Journal of Economic Growth

, Volume 21, Issue 3, pp 225–257 | Cite as

The European origins of economic development

Article

Abstract

Although a large literature argues that European settlement outside of Europe during colonization had an enduring effect on economic development, researchers have been unable to assess these predictions directly because of an absence of data on colonial European settlement. We construct a new database on the European share of the population during colonization and examine its association with economic development today. We find a strong, positive relation between current income per capita and colonial European settlement that is robust to controlling for the current proportion of the population of European descent, as well as many other country characteristics. The results suggest that any adverse effects of extractive institutions associated with small European settlements were, even at low levels of colonial European settlement, more than offset by other things that Europeans brought, such as human capital and technology.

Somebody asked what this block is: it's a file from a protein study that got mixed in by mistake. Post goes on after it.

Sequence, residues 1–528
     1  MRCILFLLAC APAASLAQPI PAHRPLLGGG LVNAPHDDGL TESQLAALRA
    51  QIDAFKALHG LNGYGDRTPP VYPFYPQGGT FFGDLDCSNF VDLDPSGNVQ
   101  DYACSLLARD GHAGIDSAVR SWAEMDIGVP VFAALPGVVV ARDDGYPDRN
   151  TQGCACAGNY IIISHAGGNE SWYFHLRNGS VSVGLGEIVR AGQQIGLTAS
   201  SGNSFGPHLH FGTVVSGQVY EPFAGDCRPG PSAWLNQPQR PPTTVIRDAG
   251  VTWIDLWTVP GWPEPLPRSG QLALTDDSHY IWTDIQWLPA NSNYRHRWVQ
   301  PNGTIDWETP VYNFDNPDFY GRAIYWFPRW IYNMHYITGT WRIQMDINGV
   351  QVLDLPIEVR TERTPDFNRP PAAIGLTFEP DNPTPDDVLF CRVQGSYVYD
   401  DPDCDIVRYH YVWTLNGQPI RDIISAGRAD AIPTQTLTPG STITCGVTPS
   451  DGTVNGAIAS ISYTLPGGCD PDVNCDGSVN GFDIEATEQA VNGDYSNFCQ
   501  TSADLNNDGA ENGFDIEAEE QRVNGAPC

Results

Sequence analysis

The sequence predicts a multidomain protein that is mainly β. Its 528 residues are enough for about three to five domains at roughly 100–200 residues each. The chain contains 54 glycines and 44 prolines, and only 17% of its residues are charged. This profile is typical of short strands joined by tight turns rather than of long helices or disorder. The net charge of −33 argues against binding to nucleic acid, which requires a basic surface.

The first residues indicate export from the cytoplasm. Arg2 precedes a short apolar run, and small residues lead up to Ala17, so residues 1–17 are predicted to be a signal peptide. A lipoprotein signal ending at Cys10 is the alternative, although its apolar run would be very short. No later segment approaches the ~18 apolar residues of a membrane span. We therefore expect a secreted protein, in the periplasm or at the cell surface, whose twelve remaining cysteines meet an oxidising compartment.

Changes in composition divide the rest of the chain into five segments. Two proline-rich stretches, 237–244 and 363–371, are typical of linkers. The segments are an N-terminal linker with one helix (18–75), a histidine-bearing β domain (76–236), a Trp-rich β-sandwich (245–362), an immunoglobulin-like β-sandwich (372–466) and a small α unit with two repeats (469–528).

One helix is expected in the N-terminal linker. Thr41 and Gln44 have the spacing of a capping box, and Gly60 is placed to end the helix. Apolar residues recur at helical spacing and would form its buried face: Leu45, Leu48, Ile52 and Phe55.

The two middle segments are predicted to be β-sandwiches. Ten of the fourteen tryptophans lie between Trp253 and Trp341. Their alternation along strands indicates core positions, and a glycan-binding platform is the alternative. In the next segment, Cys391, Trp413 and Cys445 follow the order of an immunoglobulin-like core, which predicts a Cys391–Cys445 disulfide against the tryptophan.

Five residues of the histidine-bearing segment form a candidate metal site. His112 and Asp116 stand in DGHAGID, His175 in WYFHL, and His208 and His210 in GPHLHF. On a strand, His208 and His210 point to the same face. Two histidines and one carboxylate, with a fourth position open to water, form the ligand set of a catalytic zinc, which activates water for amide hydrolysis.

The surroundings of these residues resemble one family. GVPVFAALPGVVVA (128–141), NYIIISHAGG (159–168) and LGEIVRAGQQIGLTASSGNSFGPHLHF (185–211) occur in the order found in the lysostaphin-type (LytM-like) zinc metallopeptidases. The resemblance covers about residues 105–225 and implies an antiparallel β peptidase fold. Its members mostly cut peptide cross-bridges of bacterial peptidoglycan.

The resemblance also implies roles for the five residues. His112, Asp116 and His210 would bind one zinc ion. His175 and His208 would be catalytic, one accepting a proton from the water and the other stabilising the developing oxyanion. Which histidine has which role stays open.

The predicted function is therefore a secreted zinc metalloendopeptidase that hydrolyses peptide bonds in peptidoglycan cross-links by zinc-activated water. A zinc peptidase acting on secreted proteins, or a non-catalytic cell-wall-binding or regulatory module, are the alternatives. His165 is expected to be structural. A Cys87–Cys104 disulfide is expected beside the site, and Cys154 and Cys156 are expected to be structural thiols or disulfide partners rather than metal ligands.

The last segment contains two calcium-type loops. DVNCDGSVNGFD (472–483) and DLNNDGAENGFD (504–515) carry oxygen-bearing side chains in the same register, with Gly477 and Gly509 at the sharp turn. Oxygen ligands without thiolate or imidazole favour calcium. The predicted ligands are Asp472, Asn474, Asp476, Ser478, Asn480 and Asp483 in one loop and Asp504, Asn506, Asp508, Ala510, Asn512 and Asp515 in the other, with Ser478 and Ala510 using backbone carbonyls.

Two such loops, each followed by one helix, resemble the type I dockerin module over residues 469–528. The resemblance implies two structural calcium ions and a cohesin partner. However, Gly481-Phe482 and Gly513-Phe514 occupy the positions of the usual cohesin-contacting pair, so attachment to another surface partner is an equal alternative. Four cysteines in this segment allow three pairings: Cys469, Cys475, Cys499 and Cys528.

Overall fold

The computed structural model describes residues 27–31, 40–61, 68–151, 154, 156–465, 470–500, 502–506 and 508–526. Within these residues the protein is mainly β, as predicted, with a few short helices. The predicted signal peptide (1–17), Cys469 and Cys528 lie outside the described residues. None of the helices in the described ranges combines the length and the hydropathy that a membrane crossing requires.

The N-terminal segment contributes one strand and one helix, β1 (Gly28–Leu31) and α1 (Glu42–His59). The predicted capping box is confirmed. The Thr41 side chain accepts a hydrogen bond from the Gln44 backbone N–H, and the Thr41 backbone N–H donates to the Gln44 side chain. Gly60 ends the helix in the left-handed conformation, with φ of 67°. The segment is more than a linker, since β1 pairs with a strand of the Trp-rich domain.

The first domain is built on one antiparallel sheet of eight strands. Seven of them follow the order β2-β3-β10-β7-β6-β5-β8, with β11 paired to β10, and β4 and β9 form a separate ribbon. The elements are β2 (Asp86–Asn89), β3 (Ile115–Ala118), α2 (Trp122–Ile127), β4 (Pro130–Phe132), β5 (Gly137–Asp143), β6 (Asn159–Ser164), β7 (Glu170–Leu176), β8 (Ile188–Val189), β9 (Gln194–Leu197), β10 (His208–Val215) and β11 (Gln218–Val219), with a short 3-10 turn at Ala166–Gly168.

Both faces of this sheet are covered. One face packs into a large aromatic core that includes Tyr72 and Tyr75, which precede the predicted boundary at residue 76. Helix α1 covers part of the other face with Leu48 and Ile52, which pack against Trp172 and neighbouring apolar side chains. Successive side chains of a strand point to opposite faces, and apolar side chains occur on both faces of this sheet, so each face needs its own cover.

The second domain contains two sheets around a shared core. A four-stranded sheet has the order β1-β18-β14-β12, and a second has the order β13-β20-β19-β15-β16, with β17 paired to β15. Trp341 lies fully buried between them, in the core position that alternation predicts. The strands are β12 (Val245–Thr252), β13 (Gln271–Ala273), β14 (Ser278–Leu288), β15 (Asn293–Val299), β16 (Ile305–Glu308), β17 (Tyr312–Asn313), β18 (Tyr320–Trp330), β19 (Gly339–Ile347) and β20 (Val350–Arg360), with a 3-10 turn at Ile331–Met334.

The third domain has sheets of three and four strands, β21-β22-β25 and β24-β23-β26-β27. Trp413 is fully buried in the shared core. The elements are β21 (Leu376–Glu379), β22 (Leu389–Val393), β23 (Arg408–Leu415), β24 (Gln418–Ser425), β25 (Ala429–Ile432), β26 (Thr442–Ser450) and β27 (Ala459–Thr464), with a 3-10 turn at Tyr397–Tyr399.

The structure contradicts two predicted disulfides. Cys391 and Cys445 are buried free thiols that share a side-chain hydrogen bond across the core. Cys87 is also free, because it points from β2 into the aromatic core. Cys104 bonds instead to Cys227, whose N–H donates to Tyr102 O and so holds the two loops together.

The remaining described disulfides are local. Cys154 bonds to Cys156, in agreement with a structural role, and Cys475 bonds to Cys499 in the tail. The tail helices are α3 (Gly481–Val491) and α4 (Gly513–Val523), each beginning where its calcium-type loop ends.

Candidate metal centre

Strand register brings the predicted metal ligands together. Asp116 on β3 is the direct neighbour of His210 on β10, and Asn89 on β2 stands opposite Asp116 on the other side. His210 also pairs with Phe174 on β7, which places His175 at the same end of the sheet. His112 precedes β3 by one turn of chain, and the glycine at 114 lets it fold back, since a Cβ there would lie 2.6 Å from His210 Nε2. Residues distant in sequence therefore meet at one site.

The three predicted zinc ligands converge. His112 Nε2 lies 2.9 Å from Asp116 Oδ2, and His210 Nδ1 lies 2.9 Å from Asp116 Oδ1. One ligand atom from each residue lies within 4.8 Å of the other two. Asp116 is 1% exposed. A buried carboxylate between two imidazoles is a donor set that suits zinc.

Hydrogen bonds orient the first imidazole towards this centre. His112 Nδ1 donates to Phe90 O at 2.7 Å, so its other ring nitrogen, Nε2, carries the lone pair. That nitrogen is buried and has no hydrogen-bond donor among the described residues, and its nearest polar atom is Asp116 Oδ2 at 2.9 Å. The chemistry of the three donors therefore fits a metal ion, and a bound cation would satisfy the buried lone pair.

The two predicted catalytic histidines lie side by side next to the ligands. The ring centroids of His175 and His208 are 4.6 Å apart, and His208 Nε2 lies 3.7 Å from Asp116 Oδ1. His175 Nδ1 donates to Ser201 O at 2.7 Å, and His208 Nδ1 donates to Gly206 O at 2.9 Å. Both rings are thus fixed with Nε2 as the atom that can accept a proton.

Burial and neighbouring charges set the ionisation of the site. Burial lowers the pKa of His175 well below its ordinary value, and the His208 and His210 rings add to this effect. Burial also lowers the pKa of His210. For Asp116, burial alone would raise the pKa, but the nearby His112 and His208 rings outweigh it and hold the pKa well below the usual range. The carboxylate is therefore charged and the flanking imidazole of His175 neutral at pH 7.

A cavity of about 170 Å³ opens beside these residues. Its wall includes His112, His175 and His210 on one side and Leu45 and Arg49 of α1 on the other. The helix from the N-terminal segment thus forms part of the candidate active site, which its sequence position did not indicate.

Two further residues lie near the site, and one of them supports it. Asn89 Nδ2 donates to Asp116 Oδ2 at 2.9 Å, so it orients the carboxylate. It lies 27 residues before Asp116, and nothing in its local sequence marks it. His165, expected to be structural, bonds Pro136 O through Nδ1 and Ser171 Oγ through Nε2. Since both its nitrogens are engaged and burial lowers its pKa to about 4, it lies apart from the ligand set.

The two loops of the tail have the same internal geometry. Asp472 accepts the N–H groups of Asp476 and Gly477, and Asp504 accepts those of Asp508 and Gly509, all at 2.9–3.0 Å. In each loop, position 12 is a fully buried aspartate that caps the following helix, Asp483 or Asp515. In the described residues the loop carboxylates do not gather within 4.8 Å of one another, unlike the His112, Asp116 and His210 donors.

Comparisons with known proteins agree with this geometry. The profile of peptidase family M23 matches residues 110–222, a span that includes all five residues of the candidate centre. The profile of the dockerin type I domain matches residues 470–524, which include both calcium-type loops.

Keywords

Institutions Human capital Political economy Natural resources 

JEL Classification Codes

043 01 P48 N5 

Supplementary material

10887_2016_9130_MOESM1_ESM.pdf (158 kb)
Supplementary material 1 (pdf 157 KB)
10887_2016_9130_MOESM2_ESM.xlsx (122 kb)
Supplementary material 2 (xlsx 122 KB)
10887_2016_9130_MOESM3_ESM.dta (53 kb)
Supplementary material 3 (dta 53 KB)
10887_2016_9130_MOESM4_ESM.do (25 kb)
Supplementary material 4 (do 25 KB)

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Copyright information

© Springer Science+Business Media New York 2016

Authors and Affiliations

  1. 1.New York UniversityNew YorkUSA
  2. 2.The NBERCambridgeUSA
  3. 3.University of California, BerkeleyBerkeleyUSA

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